Five Arrested in Hollywood Boulevard Marijuana Bust

Category: News | Posted on Tue, July, 12th 2011 by THCFinder
Five Arrested in Hollywood Boulevard Marijuana Bust
Police accuse the five individuals with a variety of charges including marijuana possession, keeping a drug house, and child endangerment.
Iowa City police say they executed a drug search warrant Monday morning on Hollywood Boulevard and have charged five individuals in relation to a marijuana selling operation.
After searching the house at 1111 Hollywood Boulevard at 8:30 a.m., police say they found marijuana, packaging materials, drug paraphernalia, a scale and money they suspected came from marijuana sales.
According to criminal complaints, the officers on the scene felt it was clear that marijuana had been sold and used in the apartment where children also lived. The complaint stated that there was "a lot" of drugs found on the floor in baggies, as well as in a glass jar, and some of it was found in what appeared to be a child's backpack in another room.
As a result, police charged four people who all live in the residence with crimes:
Darnell Young, 19, with keeping a drug house, a drug tax-stamp violation, felony marijuana possession, and child endangerment with no injury -- two aggravated misdemeanors and two felonies. Police say Young admitted a small amount of marijuana found near him was his, and that he had bought it in Mississippi.
Dalesha Barton, 18, was charged with knowingly allowing drug possession in a house and child endandgerment. Police say Barton's two-year-old was present at the time of the arrest.
Devin Smith, 20, was charged with possession of drug paraphernalia, keeping a drug house, marijuana possession with intent to deliver and child endangerment -- three misdemeanors and a felony.
Martarius Junious, 20, was charged with felony marijuana possession, keeping a drug house, and child endangerment. Junious allegedly told the police that the marijuana was not his, but that his finger prints would be on some of the marijuana baggies because someone else gave the marijuana to him.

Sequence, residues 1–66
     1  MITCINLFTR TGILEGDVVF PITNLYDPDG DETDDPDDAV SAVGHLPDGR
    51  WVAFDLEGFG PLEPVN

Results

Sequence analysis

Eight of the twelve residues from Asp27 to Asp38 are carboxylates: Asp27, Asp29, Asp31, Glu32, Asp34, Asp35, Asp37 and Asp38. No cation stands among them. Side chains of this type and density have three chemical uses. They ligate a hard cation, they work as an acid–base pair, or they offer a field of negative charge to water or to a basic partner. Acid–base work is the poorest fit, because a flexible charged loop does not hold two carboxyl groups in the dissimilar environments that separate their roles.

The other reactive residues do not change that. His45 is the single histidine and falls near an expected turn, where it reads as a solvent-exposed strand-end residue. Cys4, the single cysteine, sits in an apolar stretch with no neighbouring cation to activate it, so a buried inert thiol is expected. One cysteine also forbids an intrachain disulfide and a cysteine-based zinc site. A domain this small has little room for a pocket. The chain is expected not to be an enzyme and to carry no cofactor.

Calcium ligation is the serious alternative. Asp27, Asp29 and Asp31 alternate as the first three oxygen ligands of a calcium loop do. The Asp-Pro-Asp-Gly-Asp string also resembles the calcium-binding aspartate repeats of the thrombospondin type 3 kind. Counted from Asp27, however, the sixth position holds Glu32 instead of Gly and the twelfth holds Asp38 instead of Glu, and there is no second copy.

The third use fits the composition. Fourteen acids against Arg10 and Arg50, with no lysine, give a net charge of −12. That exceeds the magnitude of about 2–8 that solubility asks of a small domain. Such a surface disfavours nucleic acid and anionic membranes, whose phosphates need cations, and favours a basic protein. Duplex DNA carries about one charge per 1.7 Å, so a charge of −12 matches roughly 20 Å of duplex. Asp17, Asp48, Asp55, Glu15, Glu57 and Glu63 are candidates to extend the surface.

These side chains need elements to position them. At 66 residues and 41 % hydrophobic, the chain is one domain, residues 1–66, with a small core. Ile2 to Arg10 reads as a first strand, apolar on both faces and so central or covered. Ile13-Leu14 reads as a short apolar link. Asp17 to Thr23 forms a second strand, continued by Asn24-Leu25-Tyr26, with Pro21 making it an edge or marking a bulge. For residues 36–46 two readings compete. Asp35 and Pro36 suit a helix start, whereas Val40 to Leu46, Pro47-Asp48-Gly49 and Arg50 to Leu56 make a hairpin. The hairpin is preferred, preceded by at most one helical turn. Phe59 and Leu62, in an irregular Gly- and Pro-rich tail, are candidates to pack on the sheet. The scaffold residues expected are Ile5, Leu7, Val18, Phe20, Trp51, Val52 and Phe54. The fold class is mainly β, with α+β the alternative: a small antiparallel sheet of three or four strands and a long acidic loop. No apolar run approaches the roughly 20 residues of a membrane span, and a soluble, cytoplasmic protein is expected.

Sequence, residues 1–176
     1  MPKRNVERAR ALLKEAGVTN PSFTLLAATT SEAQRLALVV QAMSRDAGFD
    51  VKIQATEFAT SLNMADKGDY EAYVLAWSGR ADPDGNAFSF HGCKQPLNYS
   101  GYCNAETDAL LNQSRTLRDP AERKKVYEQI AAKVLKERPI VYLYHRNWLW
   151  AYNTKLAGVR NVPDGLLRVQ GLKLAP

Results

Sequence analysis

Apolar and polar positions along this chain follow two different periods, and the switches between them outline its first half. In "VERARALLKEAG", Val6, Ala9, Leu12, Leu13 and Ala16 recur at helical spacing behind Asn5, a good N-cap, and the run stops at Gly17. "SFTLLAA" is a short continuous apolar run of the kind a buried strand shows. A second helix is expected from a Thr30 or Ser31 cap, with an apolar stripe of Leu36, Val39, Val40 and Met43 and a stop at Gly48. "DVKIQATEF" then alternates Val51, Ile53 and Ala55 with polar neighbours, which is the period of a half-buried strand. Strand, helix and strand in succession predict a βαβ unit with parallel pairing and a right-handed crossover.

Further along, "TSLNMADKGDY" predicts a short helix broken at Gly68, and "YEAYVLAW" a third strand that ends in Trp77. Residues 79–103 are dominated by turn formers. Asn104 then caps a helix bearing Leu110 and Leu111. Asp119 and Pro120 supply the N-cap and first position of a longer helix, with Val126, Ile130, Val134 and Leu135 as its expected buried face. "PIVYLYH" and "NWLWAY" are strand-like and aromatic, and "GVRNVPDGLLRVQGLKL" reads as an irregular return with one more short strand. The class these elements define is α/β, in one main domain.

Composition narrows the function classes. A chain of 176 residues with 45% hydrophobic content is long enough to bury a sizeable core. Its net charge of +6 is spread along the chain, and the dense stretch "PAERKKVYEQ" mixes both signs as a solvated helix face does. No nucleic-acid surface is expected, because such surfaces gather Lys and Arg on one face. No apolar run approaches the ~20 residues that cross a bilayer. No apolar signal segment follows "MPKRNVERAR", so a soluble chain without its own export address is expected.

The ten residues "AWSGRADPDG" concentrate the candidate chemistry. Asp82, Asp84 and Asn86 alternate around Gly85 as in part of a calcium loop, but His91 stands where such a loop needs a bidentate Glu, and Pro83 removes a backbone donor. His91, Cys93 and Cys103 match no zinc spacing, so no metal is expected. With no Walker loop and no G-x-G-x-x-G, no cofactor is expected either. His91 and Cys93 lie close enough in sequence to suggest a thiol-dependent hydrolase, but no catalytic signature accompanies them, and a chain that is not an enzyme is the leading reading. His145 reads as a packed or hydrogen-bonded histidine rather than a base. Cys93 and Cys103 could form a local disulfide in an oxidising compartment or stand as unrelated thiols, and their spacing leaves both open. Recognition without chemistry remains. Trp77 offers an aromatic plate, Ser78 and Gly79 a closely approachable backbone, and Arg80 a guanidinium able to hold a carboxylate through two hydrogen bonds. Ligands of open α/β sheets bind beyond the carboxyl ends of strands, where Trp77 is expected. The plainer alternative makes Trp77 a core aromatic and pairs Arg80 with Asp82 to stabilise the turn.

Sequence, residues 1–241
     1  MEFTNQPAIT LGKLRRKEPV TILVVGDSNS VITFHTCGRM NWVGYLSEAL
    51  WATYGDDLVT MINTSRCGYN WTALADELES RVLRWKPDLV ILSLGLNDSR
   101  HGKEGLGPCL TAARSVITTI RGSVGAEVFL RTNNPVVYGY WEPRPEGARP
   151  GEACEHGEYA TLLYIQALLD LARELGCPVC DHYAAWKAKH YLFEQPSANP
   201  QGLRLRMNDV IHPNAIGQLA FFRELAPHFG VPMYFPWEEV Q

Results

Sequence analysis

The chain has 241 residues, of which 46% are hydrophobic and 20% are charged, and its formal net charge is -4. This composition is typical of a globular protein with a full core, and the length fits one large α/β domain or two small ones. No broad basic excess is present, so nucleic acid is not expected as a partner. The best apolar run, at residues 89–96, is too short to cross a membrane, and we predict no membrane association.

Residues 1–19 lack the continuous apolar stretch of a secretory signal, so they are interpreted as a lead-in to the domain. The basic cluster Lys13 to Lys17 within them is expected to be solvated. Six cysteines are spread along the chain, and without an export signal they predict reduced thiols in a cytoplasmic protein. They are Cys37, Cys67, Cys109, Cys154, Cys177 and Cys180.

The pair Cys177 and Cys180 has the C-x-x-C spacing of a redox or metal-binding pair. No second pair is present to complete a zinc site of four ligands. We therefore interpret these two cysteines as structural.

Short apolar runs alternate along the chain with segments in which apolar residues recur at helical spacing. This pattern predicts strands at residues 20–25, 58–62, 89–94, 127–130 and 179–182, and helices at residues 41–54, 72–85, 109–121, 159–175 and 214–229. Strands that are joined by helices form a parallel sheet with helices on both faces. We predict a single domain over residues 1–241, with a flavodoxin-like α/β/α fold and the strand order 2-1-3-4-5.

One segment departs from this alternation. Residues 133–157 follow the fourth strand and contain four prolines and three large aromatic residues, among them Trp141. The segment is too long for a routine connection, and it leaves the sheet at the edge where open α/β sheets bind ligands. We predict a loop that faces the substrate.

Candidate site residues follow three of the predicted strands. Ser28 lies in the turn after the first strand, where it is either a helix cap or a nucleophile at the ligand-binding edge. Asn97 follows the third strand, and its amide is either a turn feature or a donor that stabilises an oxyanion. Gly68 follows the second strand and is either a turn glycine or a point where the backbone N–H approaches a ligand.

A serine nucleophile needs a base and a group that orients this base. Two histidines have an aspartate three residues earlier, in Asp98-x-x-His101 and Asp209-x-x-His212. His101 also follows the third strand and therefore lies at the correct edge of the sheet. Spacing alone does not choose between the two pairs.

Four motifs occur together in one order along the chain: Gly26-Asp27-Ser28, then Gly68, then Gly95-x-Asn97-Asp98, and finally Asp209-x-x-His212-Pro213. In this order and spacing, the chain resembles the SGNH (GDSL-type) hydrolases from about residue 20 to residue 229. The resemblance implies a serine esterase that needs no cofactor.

A fifth man, Jakari Smith, of Coralville, was also found in the bedroom of the residence with marijuana although he did not live there. He was charged with misdemeanor marijuana possession. 


Marijuana Advocates Sue Feds After DEA Rejects Weed as Medicine

Category: News | Posted on Tue, July, 12th 2011 by THCFinder
Although 16 states recognize marijuana as a drug with important medicinal properties, the DEA has shot down a petition to reclassify marijuana as such, citing that it has "no accepted medical use." The result is that marijuana will remain within the strictest categorization of restricted substances, alongside heroin and LSD.
"As a doctor and medical researcher, I find the DEA's decision unfortunate," said Dr. Igor Grant, a neuropsychiatrist and director of the Center for Medicinal Cannabis Research at the University of California-San Diego. "It looks like they underplayed what positive information there is in the literature about marijuana. This policy is guided more by certain kinds of beliefs in the dangers of marijuana, at the expense of advance of medical knowledge for patients."
The DEA's refusal, laid out in a June 21 letter from DEA Administrator Michele Leonhart to the organizations who filed the petition back in 2002, marks yet another bump in the road for patients, doctors and activists fighting for improved access to what they deem a vitally therapeutic medication.
"The statement 'it has no accepted medical use' is simply wrong as a statement of fact," said Rob MacCoun, psychologist and professor of Law and Public Policy at University of California Berkeley Law School. "There is now considerable evidence showing medical benefits, at or exceeding standards of evidence for many other pharmaceuticals. Prescribing physicians in over a dozen states clearly see an accepted medical value for their patients."
Americans for Safe Access, one of the organizations petitioning the DEA, already has plans to appeal the decision, taking the federal government to court, and if necessary, the Supreme Court, in order to argue for the medicinal value of marijuana.
"Frankly, we're ready to go head to head with the Obama administration on this issue," said Kris Hermes, spokesman for Americans for Safe Access. "We have science on our side and we're hopeful the court will see it that way."
Calls made to the DEA for comment were not returned.


Feds won't give assurance on medical pot

Category: News | Posted on Thu, July, 7th 2011 by THCFinder
WASHINGTON—The U.S. Justice Department says that marijuana dispensaries and licensed growers in states with medical marijuana laws could face prosecution for violating federal drug and money-laundering laws.
In a policy memo to federal prosecutors obtained Thursday by The Associated Press, Deputy Attorney General James Cole said a 2009 memo by then-Deputy Attorney General David Ogden did not give states cover from prosecution.